Dolcetto (dole – chet – toe): the name itself is a bit deceiving. In Italian, it would mean “little sweet one,” but this red Piemontese wine is no sweeter than a Chianti or a Bordeaux. In fact, “dolcetto” takes its name from the Piemontese hills that are named, in dialect, Duzzet. Piemonte, or Piedmont, is…

  ….Or as they spell it  in Campania— cignàle Cinghiale, the famed Italian wild boar (part of the Sus or pig genus) is normally seen sporting a dark brown to black bristly coat, rather pronounced tusks, sharp teeth and a bad attitude.  These wild beasts have in the past wreaked havoc on the Italian countryside, not in the least…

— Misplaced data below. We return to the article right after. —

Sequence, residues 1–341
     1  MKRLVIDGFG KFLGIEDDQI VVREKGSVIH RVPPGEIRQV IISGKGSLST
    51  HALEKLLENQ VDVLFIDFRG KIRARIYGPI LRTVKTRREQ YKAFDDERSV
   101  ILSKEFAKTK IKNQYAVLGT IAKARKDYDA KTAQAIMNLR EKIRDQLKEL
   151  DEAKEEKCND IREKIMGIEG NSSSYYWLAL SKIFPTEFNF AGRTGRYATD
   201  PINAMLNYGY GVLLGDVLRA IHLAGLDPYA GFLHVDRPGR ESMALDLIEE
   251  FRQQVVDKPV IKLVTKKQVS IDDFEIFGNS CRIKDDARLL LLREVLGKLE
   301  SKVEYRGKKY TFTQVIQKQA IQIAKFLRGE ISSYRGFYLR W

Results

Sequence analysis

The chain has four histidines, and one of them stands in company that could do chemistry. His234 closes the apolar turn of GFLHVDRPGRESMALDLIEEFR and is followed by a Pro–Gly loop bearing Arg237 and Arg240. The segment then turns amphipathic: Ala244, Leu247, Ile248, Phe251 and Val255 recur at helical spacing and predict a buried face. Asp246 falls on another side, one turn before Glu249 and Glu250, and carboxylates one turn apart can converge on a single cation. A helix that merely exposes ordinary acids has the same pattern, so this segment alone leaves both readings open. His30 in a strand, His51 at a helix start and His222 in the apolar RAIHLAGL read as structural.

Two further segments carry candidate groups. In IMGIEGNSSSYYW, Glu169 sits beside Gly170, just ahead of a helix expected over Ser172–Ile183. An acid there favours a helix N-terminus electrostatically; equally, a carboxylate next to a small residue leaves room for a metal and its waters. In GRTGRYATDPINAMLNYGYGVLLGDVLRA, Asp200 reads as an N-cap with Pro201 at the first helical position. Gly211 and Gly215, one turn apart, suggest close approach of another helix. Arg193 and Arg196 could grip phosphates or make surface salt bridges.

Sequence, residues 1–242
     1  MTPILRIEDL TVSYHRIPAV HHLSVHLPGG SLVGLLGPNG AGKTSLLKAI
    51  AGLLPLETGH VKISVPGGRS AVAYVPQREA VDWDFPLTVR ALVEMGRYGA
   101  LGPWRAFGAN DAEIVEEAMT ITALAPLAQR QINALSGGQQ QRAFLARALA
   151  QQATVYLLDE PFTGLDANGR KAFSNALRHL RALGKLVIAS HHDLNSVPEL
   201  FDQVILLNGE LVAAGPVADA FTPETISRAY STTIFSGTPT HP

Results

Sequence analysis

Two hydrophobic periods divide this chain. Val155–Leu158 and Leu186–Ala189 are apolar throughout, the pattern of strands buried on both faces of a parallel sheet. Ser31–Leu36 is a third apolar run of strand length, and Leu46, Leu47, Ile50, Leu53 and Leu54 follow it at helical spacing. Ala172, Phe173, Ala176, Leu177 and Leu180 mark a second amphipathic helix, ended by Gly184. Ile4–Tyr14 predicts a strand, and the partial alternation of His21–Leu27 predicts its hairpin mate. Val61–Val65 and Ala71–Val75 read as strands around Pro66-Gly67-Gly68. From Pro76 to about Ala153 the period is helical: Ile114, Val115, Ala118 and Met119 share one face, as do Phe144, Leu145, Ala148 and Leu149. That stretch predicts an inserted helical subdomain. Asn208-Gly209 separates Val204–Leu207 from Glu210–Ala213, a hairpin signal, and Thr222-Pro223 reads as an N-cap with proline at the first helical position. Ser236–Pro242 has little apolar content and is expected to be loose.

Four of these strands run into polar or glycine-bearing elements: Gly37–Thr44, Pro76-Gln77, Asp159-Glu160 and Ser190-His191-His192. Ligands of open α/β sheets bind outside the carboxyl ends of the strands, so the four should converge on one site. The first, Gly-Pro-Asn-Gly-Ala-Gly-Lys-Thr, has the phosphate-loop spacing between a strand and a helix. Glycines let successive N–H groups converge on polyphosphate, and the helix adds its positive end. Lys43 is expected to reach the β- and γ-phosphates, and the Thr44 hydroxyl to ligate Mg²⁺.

The aperitivo is an Italian institution which has fueled many festive evenings since its inception in Turin approximately 200 years ago. Since then, the practice has spread throughout Italy and inspired several neighboring countries to follow suit in this most spiritually productive of cultural customs. A simple translation would suggest that the aperitivo is an…

Succulent and juicy with a layer of crisp crackling, it is impossible to resist the siren call of freshly roasted porchetta. Though the dish has since spread throughout the country, it originated from central Italy, where it is ubiquitous in butcher’s shops, and commonly sold on the streets. During holiday fairs and festivals, large crowds…